Thursday, May 13, 2010

Disputed Mojave cross honoring US war dead stolen

From The Associated Press
A cross erected on a remote Mojave Desert outcropping to honor American war dead has been stolen less than two weeks after the U.S. Supreme Court allowed it to remain standing while a legal battle continued over its presence on federal land.
Apparently the land transfer has not yet occurred. So the site is still Federal land. (See earlier post.)

Here's a bit more of the most recent (May 11) AP story.
Federal courts ruled earlier in this decade that having the cross in the national preserve was unconstitutional. The issue that most recently went to the Supreme Court was the rejection by lower courts of the congressional effort to solve the problem by transferring the land into private hands.

In sending the case back to a lower court, six justices wrote separate opinions. [emphasis added]

Justice Anthony Kennedy wrote that the cross shouldn't be seen merely as a religious symbol.

"Here one Latin cross in the desert evokes far more than religion. It evokes thousands of small crosses in foreign fields marking the graves of Americans who fell in battles, battles whose tragedies are compounded if the fallen are forgotten." [Kennedy's argument makes the point for the other side. There are lots of American graves that aren't marked with crosses. They should be remembered too.]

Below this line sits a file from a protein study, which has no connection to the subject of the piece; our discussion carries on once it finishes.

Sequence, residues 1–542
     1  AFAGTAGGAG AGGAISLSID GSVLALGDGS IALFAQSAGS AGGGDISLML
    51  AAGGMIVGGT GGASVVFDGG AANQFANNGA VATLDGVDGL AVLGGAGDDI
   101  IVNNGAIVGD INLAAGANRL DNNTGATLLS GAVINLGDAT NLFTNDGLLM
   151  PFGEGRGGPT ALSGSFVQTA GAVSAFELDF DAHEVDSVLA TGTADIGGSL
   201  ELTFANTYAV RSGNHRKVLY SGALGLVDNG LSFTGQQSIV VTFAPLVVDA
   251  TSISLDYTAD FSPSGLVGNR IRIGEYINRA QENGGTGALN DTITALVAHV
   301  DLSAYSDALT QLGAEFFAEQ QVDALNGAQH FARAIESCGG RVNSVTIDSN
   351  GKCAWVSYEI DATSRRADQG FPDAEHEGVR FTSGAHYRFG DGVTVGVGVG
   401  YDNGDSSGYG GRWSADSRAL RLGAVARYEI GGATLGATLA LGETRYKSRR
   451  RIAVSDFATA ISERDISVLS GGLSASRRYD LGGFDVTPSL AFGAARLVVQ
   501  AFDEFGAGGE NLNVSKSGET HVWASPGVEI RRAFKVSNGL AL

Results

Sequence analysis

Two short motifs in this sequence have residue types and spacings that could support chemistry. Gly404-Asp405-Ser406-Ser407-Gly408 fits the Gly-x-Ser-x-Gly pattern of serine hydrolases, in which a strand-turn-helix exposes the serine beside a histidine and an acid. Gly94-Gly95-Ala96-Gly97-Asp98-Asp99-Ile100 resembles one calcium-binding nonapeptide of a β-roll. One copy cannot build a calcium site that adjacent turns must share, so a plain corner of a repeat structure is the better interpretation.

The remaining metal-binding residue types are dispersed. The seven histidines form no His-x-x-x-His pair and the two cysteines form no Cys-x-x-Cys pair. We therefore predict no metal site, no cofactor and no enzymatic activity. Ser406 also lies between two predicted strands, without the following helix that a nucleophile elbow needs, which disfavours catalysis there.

In dissent, Justice John Paul Stevens agreed that soldiers who died in battle deserve a memorial. But the government "cannot lawfully do so by continued endorsement of a starkly sectarian message," Stevens said.
It seems to me that there is a very simple solution. The cross proponents argue that the cross is not intended as a religious symbol but simply as a memorial to war dead. In that case, why not replace the cross with a non-religious memorial. Then the site could remain Federal land, and the dead would still be honored.

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